Hoi An is an exceptionally well-preserved example of a South-East Asian trading port dating from the 15th to the 19th century. Its buildings and its street plan reflect the influences, both indigenous and foreign, that have combined to produce this unique heritage site. It remains complete as a homogenous complex of traditional wooden buildings, with the original organically developed street plan within the town’s river/seacoast setting.

Hoi An historical building

Hoi An Ancient Town was classified as a National Cultural Heritage Site in 1985, with a management plan implemented at the time of nomination of the property that is being kept up to date and reviewed as required by UNESCO to ensure that it remains effective

Hoi An is like a living museum: the town’s original street plan and gorgeous architecture have been maintained despite urbanisation, with more than 800 preserved ancient buildings to marvel at. The rain stopped and the group walked the small streets, trying local products like a herbal lemon tea at popular Mot Hoi An tea house, and taking loads of photos. It was hard to walk along streets full of tourists, so we headed to the Hoai River, where an amazing show awaited us.

Tourist boats in the Hoai River

In the water, dozens of wooden boats were transporting customers for the customary 15 minutes boat ride, and old ladies sold lanterns to be released in the river below, which was already replete with them. Releasing lanterns not only brings beauty to traditional culture, but also carries an extremely deep spiritual value to the local people here. All was lit by an amazingly bright full moon.

Leonardo was unimpressed by his herbal tea

Needless to say, Leonardo was speechless. He was so tired that he fell asleep during the bike trip back to Danang. He had so many exciting activities and sights during this half-day tour, but the highlight for him was the care and attention of the amazing staff of The Memory Danang. They all speak excellent English and were also an amazing asset to the tour, as they contributed to many explanations about this amazing cultural heritage. We made it back by 8,30 pm, and we were ready to spend another night in our great room at The Memory Danang.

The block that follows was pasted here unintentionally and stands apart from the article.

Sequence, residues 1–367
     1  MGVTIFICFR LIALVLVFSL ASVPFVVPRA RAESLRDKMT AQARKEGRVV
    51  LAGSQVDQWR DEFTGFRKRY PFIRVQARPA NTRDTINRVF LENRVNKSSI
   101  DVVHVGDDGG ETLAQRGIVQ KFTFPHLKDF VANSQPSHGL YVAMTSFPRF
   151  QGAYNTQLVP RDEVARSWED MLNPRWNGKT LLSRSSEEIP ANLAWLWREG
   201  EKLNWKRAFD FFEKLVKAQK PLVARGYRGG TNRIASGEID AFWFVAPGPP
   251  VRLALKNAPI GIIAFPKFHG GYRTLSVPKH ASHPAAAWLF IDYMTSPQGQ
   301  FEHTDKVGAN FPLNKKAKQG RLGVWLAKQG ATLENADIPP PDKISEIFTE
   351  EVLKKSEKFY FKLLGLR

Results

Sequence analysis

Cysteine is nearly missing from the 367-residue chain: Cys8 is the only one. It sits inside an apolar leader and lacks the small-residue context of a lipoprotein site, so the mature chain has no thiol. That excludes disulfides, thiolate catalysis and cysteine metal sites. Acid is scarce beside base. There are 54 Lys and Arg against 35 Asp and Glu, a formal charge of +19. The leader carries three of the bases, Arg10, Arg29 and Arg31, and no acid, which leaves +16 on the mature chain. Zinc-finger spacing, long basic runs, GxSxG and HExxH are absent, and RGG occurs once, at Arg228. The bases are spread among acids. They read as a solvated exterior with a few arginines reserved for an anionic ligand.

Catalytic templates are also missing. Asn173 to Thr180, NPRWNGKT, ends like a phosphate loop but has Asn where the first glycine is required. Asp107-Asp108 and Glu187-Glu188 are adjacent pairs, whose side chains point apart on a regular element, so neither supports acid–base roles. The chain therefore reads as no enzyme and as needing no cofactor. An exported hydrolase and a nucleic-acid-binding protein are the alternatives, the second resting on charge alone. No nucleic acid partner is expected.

The Memory Danang reel of tour to Hoi An and The Thanh Ha Pottery Village: https://www.facebook.com/reel/1342824656265013.

Bike Rental

Asian Itinerary traveled to Hoi An on an amazing Vinfast scooter, a Vietnamese version of a Vespa, kindly provided by The Motorbike Station. This one was electric, brand new, and it was yellow. Leonardo and I enjoyed immensely. Contact The Motorbike Station for your bike rental needs in Danang, reach them on Whataspp/Zalo/Wechat/Twitter/Viber/Kakaotalk: (+84) 922 771 171, or email them at themotorbikestation@gmail.com

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About the author

Thomas has a university background in the UK and in Latin America, with studies in Languages and Humanities, Culture, Literature and Economics. He started his Asian experience as a publisher in Krabi in 2005. Thomas has been editing local newspapers and magazines in England, Spain and Thailand for more than fifteen years. He is currently working on several projects in Thailand and abroad. Apart from Thailand, Thomas has lived in Italy, England, Venezuela, Cuba, Spain and Bali. He spends most of his time in Asia. During the years Thomas has developed a great understanding of several Asian cultures and people. He is also working freelance, writing short travel stories and articles for travel magazines. Follow Thomas on www.asianitinerary.com

View all articles by Thomas Gennaro